Real National Income

Article excerpt

What do we mean by a country's real income? There are in fact two different approaches here. One, which we address here, is the question of interpreting the existing definition of income. The other is the widespread view that income ought to measure 'sustainable consumption'. The origin of the idea that income should be a measure of sustainable consumption can be traced back to Hicks (1939). He suggests that income should be:

'the maximum amount of money which the individual can spend this week and still expect to be able to spend the same amount in real terms in each ensuing week' (p. 174, op cit).

Despite the current popularity of this idea it is plain that the author was not happy with the concept. For we find later that 'income is a concept which is best avoided' (Hicks, 1939 p. 177).

However, an existing measure of income does not become invalid or wrong simply because. it is not equal to sustainable consumption. In this article we argue that a conventional definition of income is not equal to sustainable consumption but that it can be related to current and future consumption. We discuss a number of practical issues concerning the implementation of this measure before providing estimates of this measure of real income for the United Kingdom in the 20th century. However, we do not discuss any link between income and welfare, and this rather technical issue is covered by Sefton and Weale (1996).

Income in a competitive economy

What then is income equal to? How does it relate to current and future consumption? We can answer this question by observing that growth in income arises first from increases in the capital stock made possible by net saving, and secondly from non-economic factors such as growth in the labour force and exogenous technical progress. In a competitive economy an increase in the real net capital stock of [Delta]K will lead to a permanent increase in income equal to the growth in the capital stock multiplied by the real rate of interest. The real rate of interest is defined as an own-rate of return in consumption goods, and this proposition therefore holds if both income and the increase in capital are measured in terms of consumption goods(1). Both income and the increase in the capital stock have to be measured net of depreciation. In addition, there may be an increase in income arising from technical change and growth in the labour force, which can be described as effects of time. This also has to be taken into account.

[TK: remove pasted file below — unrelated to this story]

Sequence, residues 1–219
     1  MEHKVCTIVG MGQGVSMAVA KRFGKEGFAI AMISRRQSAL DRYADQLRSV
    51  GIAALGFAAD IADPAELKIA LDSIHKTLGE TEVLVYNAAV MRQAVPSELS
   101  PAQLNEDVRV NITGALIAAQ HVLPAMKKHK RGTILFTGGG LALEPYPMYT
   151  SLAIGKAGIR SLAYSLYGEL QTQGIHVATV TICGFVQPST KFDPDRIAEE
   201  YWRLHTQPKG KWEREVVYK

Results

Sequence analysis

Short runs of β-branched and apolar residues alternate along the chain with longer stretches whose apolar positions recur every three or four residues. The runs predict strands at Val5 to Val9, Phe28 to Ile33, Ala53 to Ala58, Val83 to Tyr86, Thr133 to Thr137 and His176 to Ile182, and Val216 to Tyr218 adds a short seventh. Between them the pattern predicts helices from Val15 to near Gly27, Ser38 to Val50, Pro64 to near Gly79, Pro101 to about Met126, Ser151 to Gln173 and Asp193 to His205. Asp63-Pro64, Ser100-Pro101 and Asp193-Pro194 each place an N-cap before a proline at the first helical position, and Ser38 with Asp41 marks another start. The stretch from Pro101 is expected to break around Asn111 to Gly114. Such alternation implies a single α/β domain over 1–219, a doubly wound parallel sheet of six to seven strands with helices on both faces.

The relationship can be expressed formally as

[Delta][Y.sub.t+1] = [r.sub.t][Delta][K.sub.t] + effects of time (1)

The increase in the net capital stock is equal to the amount saved out of income in period t, or to the amount of income which is not consumed. This means that we can write

[Delta][Y.sub.t+1] = [r.sub.t]([Y.sub.t] - [C.sub.t]) + effects of time (2)

This expression allows us to substitute out future levels of income, to produce an expression linking current income to future consumption

[Mathematical Expression Omitted]

If the effects of time are such as to lead to an increase in income independent of saving, then this function indicates the obvious point that future consumption levels can be higher than current income alone would justify.

The expression can be rearranged, to indicate the link between income, current consumption and future changes in consumption

[Mathematical Expression Omitted]

Income Defined

Equation (4) provides a clear definition of real income as it is conventionally measured but defined in terms of consumption goods. In the absence of effects arising purely from the passage of time, real income net of depreciation is equal to the sum of current consumption and the value of all future increases in real consumption discounted at the appropriate real rates of interest. In the presence of income growth arising from the passage of time, the current level of net real income is equal to current consumption plus the discounted value of those increases in consumption which arise only from the effects of net saving. …